Neal Maloney | The Lithuania Tribune
As usual Lithuania fought hard from behind showing the heart that we all have come to know they’re capable of. As usual though, their turnovers were devastating to any hope of a comeback. The second half saw Lithuania come back from a 14-point deficit to get within two but they threw the ball away so many times, Russia eventually capitalized and brought home the win. The final score was 83:74.
From the beginning both teams weren’t executing on offense and it was a low scoring meat-grinder the entire first half. By the end of the second quarter, the score was only 32:27 on a slew of just plain ugly possessions. Surprisingly, Lithuania was down by only five at halftime despite the fact that they went on a shooting drought the size of the Sahara desert in the first quarter. Top player and team captain Linas Kleiza was cold from the field , missing shot after shot. When Kemzura injected veteran forward Darius Songaila into the mix they finally started to make some stuff happen on offense, with him scoring 12 points by the end of the half on a perfect performance which carried over the entirety of the game. They clawed their way back from a double-digit deficit to get within five points.
In the second half, Lithuania came onto the floor without Jonas Valanciunas therefore Andrei Kirilenko, Timofy Mozgov and Sasha Kaun all went off without any rim protection for Lithuania. They exploited their larger size advantage in the paint. Kirilenko ended up with 19 points and 13 rebounds, justifying his new contract with the Minnesota Timberwolves of the NBA. Then as if coach Kemzura heard the screams of three million voices, he decided to put Valanciunas back in the game. This was a game-changer. Lithuania got the advantage of an offensive threat in the paint that had to be respected . This finally opened up three-point sharpshooters Rimas Kaukenas and even Mantas Kalnietis, who busted out of his rut from the rest of the tournament with a vengeance, knocking down some timely late-game threes. On the other end the Russians found it suddenly difficult to get to the basket with a 7-footer blocking their way. Jonas had an impactful performance but it was too little , too late. Every time they would rally to within striking distance , Lithuania did what they usually did, turn the ball over on rushed passes. Sarunas Jaskevicius was the worst offender, but he certainly wasn’t the only one who failed to potect the ball for Lithuania.
The leaders for Lithuania were Rimas Kaukenas with 19 points and Darius Songaila with 15 points and 5 rebounds. Mantas Kalnietis, who had been relegated to the bench after poor play throughout group play, let everyone know why he’s on the team. His threes were crucial to keeping Lithuania within striking distance. He ended the game with 14 points. Jonas Valanciunas finally got some minutes from Kemzura and played well, scoring 7 points and grabbing 9 rebounds. It was hard to tell from the stat sheet what his influence was on the defensive end, as he protected the rim and halted the Russian advance. As usual Kemzura tends to be a mad scientist, mixing rosters like chemicals in a beaker to find the best result. Lithuania does have a lot of inredients. Kleiza, Pocius, and Jasikevicus all played poorly tonight despite their great perfomances of late. They were substituted for the likes of Songaila, Kaukenas and Kalnietis who ended up being the right mixture. For Russia, the usual suspects of Kirilenko and Mozgov were the leaders getting to the rim with impunity for the 25 minutes Lithuania was without Valanciunas.. Sergey Monya and Vitaly Fridzon also played well, hitting some key threes for the Russian squad.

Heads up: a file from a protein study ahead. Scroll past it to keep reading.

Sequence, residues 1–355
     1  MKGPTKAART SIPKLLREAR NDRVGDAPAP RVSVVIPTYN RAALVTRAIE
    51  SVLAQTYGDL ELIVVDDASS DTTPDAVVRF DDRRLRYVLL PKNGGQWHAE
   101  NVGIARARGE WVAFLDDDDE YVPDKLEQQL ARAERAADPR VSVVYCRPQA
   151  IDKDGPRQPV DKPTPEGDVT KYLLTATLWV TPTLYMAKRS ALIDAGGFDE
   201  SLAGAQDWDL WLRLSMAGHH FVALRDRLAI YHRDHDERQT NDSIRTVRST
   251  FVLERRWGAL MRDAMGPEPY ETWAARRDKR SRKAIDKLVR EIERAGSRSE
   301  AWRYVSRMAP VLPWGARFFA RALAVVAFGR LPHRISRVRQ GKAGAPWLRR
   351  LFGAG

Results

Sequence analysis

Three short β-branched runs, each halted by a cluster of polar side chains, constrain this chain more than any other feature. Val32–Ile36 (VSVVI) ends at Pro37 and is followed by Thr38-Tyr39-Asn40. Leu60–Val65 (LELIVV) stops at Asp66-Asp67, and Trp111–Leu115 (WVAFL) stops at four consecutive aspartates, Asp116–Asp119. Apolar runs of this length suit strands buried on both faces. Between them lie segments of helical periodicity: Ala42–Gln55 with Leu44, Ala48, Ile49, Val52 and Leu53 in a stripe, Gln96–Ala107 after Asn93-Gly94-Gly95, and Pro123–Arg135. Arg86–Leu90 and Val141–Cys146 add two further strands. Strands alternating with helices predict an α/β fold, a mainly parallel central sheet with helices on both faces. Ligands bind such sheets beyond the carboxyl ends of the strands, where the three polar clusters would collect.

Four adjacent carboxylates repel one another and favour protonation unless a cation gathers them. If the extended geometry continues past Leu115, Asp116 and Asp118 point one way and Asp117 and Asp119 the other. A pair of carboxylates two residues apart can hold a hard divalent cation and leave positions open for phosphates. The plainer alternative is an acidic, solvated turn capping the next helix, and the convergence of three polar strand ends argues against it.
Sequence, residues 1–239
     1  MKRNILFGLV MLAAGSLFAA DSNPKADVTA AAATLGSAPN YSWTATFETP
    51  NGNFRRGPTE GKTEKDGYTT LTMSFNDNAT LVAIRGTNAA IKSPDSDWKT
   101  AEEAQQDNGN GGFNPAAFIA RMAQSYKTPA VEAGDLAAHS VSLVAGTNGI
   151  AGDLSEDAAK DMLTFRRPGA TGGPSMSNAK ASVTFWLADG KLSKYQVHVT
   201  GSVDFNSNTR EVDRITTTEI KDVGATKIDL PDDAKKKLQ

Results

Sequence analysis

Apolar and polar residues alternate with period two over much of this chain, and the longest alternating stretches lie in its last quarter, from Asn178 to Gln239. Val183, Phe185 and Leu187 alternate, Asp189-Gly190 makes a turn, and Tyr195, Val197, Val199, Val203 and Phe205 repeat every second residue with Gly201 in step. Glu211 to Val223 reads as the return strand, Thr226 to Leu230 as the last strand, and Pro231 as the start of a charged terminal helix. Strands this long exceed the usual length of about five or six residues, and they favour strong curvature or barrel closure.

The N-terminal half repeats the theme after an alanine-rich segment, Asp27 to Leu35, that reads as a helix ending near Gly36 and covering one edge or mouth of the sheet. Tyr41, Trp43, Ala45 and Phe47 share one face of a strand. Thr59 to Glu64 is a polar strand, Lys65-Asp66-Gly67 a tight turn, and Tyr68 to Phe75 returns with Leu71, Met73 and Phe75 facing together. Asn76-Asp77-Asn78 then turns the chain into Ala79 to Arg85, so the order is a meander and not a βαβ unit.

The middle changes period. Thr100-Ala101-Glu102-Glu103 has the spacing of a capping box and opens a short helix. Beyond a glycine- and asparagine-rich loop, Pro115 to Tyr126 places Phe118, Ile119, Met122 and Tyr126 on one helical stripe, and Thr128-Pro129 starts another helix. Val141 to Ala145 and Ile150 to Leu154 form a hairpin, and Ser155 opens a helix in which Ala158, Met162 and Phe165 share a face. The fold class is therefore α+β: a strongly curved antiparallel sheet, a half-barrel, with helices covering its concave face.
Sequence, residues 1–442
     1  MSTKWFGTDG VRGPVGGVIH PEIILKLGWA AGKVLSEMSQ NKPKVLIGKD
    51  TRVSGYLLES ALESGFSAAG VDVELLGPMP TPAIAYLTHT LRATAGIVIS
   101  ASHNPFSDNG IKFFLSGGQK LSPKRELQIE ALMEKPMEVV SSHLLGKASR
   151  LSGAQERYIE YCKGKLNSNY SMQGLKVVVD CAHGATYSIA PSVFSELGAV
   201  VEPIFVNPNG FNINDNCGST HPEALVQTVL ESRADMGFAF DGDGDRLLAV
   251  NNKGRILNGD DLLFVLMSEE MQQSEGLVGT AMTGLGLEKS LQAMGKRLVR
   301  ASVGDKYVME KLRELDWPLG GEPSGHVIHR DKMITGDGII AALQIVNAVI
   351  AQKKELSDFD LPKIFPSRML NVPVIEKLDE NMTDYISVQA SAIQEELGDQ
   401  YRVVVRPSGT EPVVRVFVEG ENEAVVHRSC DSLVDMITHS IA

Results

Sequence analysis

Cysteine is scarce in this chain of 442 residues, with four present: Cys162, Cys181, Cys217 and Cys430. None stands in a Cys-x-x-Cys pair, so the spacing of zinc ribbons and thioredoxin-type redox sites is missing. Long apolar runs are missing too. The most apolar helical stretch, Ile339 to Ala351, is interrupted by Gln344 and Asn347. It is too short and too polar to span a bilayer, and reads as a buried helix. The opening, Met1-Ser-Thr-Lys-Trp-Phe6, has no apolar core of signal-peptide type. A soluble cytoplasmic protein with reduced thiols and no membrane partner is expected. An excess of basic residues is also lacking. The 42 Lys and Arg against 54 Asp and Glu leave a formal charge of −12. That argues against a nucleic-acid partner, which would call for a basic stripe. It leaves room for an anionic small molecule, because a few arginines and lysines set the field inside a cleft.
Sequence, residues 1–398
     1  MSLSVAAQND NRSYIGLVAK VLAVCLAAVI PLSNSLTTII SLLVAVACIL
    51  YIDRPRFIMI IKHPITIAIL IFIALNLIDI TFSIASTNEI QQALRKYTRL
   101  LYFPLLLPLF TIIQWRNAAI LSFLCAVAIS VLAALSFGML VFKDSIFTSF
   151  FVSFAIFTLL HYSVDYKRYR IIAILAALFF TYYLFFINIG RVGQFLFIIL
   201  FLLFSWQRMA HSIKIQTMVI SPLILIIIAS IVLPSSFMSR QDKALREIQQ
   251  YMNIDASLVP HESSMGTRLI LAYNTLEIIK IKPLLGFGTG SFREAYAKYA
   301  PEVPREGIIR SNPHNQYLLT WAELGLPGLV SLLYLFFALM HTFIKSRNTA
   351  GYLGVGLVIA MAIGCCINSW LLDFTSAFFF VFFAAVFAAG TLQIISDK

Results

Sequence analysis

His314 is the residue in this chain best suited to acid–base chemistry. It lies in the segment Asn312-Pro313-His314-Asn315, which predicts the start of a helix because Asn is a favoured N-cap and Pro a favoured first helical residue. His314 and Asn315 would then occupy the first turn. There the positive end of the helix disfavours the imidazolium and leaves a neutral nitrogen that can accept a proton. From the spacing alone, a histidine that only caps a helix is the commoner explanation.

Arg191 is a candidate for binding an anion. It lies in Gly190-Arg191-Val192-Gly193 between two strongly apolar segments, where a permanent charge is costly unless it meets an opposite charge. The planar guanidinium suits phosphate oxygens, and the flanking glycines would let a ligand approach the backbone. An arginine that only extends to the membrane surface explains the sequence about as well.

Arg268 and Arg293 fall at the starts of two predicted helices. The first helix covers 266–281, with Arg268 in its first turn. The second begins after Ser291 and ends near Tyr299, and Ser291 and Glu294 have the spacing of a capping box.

This year was never expected to be Lithuania’s year. With too many of their older veterans fading away into the twilight and the bright young stars still raw, Lithuania is left with it’s streaky , mediocre club players who have lots of problems. One thing this tournament proves is that Lithuania is to be respected by their opponents no matter what the talent level on their roster. That’s because they don’t go quietly into the night, they stay and fight back . This is the history of the tiny basketball-crazed nation , they don’t give up no matter what. On the horizon they are looking good for the Rio Olympics in 2016. Valanciunas and Motiejunas will be the two 7-footers anchoring the frontcourt with Linas Kleiza in his prime leading the squad plus a fresh infusion of gold-medal winning talent from their U20 squad. Things will continue to look bright for the future of Lithuanian basketball, the proud tradition will live on without a shadow of a doubt.